All humanity regardless of nationality or race has the same physical structure. Our bone structure is the same. Our nerve structure is the same. Our artery structure is the same. Our organs function the same. Can you tell me the nationality of this guy?
Of course not but you know that he is a human being. We don’t know the color of his skin but we all know that his skin perspires just like ours in the summer heat. Why? Because he is human. We don’t know if his nose is flat or round but we do know that his sense of smell is the same as ours. Why? Because he is human. We don’t know if his eyes are dark or light but we do know that his eyesight is the same as ours. Why? Because he is human. His heart, his lungs, his kidneys, and his liver all function the same as ours. Why? Because he is human. His taste, his hearing, his sense of touch is the same as ours. Why? Because he is human. His desire for knowledge, happiness, and love is the same as ours. Why? Because he is human. His emotions range from gladness to sadness from rejoicing to mourning just like ours. Why? Because he is human. Brothers and sisters our commonality makes us one and leaves no room for racism. This is the biblical view of humanity.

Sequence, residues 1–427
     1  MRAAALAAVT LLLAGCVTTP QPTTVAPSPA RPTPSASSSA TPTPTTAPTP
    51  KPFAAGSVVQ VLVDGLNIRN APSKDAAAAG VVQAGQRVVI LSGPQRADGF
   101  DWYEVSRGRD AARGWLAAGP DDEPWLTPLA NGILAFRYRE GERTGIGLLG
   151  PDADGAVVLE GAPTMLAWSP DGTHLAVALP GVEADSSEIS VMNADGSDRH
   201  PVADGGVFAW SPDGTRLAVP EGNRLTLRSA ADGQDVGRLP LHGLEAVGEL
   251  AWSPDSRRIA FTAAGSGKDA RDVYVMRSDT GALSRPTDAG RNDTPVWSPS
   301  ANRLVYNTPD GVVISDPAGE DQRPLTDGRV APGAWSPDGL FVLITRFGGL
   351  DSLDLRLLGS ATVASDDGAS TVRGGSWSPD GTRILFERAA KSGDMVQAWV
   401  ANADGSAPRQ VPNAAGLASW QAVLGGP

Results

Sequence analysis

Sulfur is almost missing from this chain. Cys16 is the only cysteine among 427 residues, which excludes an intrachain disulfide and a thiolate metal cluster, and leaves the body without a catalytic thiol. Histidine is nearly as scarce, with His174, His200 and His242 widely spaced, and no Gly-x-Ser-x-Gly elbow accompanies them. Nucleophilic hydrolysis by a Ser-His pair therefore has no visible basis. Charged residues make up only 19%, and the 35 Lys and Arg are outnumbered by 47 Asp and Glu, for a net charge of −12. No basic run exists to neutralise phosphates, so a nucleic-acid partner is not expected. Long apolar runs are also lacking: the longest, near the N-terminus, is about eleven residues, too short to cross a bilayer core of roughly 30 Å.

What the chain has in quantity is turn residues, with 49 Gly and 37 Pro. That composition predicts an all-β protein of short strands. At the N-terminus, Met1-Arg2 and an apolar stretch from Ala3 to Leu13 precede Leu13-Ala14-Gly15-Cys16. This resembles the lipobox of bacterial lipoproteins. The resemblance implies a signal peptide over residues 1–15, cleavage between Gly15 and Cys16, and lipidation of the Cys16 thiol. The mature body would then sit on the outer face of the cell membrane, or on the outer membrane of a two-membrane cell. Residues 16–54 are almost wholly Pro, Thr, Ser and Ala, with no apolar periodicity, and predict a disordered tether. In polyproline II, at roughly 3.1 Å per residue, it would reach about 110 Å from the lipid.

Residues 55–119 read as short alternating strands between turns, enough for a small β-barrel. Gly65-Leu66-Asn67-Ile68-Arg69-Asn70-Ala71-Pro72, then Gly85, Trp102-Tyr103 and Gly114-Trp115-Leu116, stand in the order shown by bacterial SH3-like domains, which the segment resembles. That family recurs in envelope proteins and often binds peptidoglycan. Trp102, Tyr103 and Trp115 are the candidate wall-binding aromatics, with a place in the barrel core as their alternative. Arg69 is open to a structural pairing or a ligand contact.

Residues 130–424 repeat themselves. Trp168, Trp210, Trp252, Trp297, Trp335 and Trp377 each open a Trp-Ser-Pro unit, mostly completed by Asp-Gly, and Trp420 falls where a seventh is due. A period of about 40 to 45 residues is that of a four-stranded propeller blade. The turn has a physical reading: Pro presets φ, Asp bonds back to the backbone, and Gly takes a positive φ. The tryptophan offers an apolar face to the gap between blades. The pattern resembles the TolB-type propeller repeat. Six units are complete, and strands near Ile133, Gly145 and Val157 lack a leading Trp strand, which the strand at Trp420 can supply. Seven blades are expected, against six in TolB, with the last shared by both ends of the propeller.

God’s Crowning Act of Creation
God created man and from one blood made all the nations of the earth. So to deny human dignity and respect towards others is to defame the Fatherhood of God. To refuse others human equality and dignity is to deny the fact that humanity was God’s crowning act of creation. Only man was formed by God with His own hands. Only man did God breathe into his nostrils the breathe of life. Only man did God give dominion over all of creation. Only man did God enter into a covenant relationship.
The fact is that God values humanity above everything else He created. And if God values humanity above everything else He created then what right does anyone have to devalue another person’s worth? Let me read for you a portion of Psalm chapter eight and then ask you a few questions. When I consider Your heavens, the work of Your fingers, The moon and the stars, which You have ordained; What is man that You take thought of him, And the son of man that You care for him? Yet You have made him a little lower than God, And You crown him with glory and majesty! (Psalm 8.3-5)